Postgres has an awesome command line client we all use and love called psql. We usually use psql in an interactive mode where we connect to the database and then type and execute queries. But sometimes it is useful to execute a whole SQL file. We can do this with:

psql -U username -d database -f file.sql

The problem with executing an sql file like this is that psql will exit with a status code 0 (which means everything is OK), even when there are errors while executing file.sql. It would also ignore all errors and continue execution until the end of file, which is not what we would like every time. Because of this you cannot do simple checks in your scripts for the exit status with $? to know if the file was executed successfully. To resolve this, you could pass stdout and stderr to grep and search for ERROR: like this:

psql -U username -d database -f file.sql 2>&1 | grep "ERROR:"

This would work, but it’s not a very clean solution and you also don’t see the output of psql (like notices, etc). There is a simple and effective solution to this problem by using a variable ON_ERROR_STOP. If we set this variable to 1 or true, psql would stop on the first error and exit with status code 3, which makes it perfect for scripts. You can set this variable at the top of the sql file:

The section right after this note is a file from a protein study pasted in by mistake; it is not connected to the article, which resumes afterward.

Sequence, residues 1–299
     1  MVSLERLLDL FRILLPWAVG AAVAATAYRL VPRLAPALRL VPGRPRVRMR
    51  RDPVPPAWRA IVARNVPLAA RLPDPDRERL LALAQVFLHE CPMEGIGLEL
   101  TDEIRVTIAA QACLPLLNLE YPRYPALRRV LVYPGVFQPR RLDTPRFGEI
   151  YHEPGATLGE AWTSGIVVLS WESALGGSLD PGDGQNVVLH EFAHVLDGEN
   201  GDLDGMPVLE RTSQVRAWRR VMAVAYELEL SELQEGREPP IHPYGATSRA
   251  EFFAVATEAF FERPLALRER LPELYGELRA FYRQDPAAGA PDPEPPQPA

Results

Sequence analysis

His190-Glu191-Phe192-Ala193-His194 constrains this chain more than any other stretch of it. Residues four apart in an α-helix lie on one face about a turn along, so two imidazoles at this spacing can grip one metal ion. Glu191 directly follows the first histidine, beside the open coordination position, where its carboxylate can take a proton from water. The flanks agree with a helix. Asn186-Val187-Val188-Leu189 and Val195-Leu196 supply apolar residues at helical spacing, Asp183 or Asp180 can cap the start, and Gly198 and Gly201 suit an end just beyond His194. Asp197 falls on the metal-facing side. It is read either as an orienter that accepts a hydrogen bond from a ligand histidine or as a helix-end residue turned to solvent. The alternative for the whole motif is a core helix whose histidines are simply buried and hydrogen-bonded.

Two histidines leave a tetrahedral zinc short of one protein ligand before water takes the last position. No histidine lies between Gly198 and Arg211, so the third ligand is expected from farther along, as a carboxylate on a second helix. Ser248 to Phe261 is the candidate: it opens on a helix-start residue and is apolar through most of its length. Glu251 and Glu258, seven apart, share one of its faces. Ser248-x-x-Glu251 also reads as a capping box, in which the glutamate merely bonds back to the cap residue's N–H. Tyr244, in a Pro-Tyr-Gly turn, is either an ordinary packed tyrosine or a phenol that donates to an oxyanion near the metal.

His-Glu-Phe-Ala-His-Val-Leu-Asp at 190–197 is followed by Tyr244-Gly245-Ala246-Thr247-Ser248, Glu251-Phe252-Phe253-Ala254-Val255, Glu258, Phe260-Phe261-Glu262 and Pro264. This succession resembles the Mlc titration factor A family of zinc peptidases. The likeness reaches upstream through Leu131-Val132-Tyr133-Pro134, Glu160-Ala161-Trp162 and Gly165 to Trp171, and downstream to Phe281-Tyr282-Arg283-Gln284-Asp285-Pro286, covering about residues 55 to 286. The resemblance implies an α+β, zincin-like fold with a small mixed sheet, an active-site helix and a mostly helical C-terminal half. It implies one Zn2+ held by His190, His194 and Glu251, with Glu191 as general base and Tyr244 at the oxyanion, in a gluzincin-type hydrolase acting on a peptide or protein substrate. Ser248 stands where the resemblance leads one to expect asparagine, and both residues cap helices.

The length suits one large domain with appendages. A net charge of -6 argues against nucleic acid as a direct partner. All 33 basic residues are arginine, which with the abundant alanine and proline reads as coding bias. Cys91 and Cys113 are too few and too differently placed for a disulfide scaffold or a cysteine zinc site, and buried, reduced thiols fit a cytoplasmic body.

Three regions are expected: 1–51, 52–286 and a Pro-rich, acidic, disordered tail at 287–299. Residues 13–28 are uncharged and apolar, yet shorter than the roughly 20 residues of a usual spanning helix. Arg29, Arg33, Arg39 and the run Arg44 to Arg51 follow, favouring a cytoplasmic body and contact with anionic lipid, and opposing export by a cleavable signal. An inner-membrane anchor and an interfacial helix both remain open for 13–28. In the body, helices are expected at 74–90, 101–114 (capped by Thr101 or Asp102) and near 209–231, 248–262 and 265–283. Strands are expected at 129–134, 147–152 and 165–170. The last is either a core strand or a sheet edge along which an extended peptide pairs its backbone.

\set ON_ERROR_STOP true

or even better directly on the psql command line with parameter -v:

psql -v ON_ERROR_STOP=1 -U username -d database -f file.sql

Now we can easily check if the sql file was executed successfully like this:

psql -v ON_ERROR_STOP=1 -U username -d database -f file.sql
if [ $? -eq 0 ]; then
    echo Success
    echo Failed